Soil Association ‘bemused’ by organic farming criticism

What do you make of this?

Article from Farmers Weekly.

World Organic News

The Soil Association has hit back at suggestions that organic farming could be worse for the environment than conventional farming methods.

Climate expert Lord John Krebs told the Oxford Farming Conference on Wednesday (7 January) that organic farming might do more damage to the environment due to increased land required and carbon released from the soil.

“The fact is organic farming is, in general, less productive per hectare than conventional farming and if we want to produce more organic food we need more land to do it, which releases more carbon into the atmosphere,” he said.

See also: Only 100 harvests left in UK farm soils, scientists warn

Lord Krebs, who advises the government on climate change policy, argued that agricultural methods, such as minimum or no tillage, could help to protect and manage soils and store carbon to prevent the release of greenhouse gases into the atmosphere.

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About Helen

I have always been interesting in living a more environmentally friendly lifestyle and used to do what I could. Now, I have come to realise that we have reached such a point in terms of environmental degradation that it is more important - perhaps - to focus on building resilience. I therefore do as much as I can to reuse, grow my own and encourage a supportive community, for example. I also keep reading and learning all the time.
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6 Responses to Soil Association ‘bemused’ by organic farming criticism

  1. There are negatives with any sort of farming I guess to a certain extent. Dairy farming is a huge issue in NZ, nitrogen and phosphorous in waterways, erosion and carbon emissions from beasts (although grass will also use CO2 in photosynthesis). Organic farming may be less productive but it is so much kinder to the environment. What are your thoughts Helen?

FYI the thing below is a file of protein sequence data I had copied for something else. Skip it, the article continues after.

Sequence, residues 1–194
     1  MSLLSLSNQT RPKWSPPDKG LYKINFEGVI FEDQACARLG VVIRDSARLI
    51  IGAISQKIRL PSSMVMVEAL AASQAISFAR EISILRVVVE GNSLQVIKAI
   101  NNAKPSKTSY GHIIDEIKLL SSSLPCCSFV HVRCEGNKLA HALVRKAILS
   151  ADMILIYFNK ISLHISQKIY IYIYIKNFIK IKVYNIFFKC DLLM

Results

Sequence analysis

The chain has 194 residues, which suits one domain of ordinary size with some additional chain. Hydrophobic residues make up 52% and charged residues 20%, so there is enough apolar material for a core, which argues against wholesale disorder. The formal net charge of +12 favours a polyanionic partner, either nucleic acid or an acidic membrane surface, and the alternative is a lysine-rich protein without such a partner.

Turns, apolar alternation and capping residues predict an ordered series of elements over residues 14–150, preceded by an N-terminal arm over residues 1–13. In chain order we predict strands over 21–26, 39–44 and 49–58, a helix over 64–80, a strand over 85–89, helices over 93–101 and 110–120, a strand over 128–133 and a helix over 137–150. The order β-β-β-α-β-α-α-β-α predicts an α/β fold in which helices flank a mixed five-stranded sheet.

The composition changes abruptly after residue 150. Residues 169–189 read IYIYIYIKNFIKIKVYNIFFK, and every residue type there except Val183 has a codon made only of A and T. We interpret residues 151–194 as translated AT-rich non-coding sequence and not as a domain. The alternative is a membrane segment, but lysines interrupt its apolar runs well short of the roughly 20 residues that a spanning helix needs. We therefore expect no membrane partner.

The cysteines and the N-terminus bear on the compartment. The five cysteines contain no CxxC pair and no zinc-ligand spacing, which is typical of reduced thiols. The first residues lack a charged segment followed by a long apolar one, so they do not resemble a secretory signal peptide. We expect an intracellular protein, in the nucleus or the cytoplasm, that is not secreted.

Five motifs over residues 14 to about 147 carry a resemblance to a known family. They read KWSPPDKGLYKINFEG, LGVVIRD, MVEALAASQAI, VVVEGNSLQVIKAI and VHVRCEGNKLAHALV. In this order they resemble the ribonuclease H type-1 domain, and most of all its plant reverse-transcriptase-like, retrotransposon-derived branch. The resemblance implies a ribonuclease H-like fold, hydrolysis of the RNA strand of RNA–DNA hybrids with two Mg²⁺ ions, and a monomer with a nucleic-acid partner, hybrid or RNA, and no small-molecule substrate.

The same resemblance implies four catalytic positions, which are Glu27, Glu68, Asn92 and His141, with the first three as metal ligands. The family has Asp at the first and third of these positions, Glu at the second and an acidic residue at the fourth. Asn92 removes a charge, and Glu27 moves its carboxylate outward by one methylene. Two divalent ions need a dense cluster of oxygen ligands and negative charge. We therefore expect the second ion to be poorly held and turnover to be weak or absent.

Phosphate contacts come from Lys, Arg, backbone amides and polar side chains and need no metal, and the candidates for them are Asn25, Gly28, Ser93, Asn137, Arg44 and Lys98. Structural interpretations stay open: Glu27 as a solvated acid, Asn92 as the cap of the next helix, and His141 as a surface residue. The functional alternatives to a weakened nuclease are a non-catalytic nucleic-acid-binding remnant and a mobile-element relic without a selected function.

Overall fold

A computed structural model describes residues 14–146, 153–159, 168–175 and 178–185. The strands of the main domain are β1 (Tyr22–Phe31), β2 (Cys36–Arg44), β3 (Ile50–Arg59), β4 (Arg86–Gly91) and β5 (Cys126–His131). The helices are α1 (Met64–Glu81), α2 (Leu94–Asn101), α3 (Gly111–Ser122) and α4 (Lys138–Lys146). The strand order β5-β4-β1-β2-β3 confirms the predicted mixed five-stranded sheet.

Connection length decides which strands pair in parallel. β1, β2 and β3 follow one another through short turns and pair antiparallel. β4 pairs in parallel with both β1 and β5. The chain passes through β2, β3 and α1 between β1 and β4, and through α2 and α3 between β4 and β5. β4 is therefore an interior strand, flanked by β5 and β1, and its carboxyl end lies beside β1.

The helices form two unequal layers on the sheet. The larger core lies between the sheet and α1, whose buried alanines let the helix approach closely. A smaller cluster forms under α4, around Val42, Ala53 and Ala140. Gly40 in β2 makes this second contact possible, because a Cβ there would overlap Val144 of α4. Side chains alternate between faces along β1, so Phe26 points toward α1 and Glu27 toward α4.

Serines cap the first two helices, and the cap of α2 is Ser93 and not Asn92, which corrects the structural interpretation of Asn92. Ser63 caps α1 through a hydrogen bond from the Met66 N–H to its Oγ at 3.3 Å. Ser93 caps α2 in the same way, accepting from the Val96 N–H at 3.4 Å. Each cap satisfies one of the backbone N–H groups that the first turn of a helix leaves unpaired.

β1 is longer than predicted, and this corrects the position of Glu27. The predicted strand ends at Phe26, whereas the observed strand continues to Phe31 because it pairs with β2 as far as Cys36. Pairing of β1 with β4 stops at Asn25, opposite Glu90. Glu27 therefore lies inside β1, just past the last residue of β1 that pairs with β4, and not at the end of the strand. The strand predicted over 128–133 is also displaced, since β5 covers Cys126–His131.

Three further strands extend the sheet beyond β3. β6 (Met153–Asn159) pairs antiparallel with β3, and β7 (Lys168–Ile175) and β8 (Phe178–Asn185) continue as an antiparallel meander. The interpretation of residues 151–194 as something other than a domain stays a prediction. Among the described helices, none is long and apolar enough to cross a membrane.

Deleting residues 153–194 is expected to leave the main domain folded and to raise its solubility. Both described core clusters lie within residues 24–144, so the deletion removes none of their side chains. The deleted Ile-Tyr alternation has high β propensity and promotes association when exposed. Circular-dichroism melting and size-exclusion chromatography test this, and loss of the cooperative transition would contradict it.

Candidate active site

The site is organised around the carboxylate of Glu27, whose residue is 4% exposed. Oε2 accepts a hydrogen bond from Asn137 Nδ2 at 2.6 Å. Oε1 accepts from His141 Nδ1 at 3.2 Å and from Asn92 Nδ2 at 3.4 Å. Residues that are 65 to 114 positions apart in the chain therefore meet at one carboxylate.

• Helen says:

      Well, I think it is always useful to get perspectives, otherwise you could end up in a blind alley.

      I understand that everything we do has an impact on the environment, made worse by the size of our population, which doesn’t stop growing. At the same time, environment is not the only consideration. Health is vital, too, and there I think there is a clear argument for organic methods of food production.

      It was interesting to learn from you that grass absorbs carbon – so, it has a use after all! That has actually got me wondering about how valid the anti-organic argument in the argument is, considering the planet was once covered in vegetation……

  2. We love eating our home produce .. Organic all the way! Tastes great and is loaded with nutrients.

  3. We grew organically for thousands of years. It seems our health problems worsened when we added pesticides, GMOs and processed foods. Increasing education, globally, will also reduce the birth rate. Further, eating lower on the food chain (vegetarian) can also make a huge difference. It takes close to 8 pounds of soy to make one pound of beef. Overgrazing is killing our top soil, but factory farming is even worse, not to mention horribly inhumane.

    Lots to think about. Thanks for sharing the post.

I love to read about your own experiences and any other feedback you have, so look forward to your comments below.

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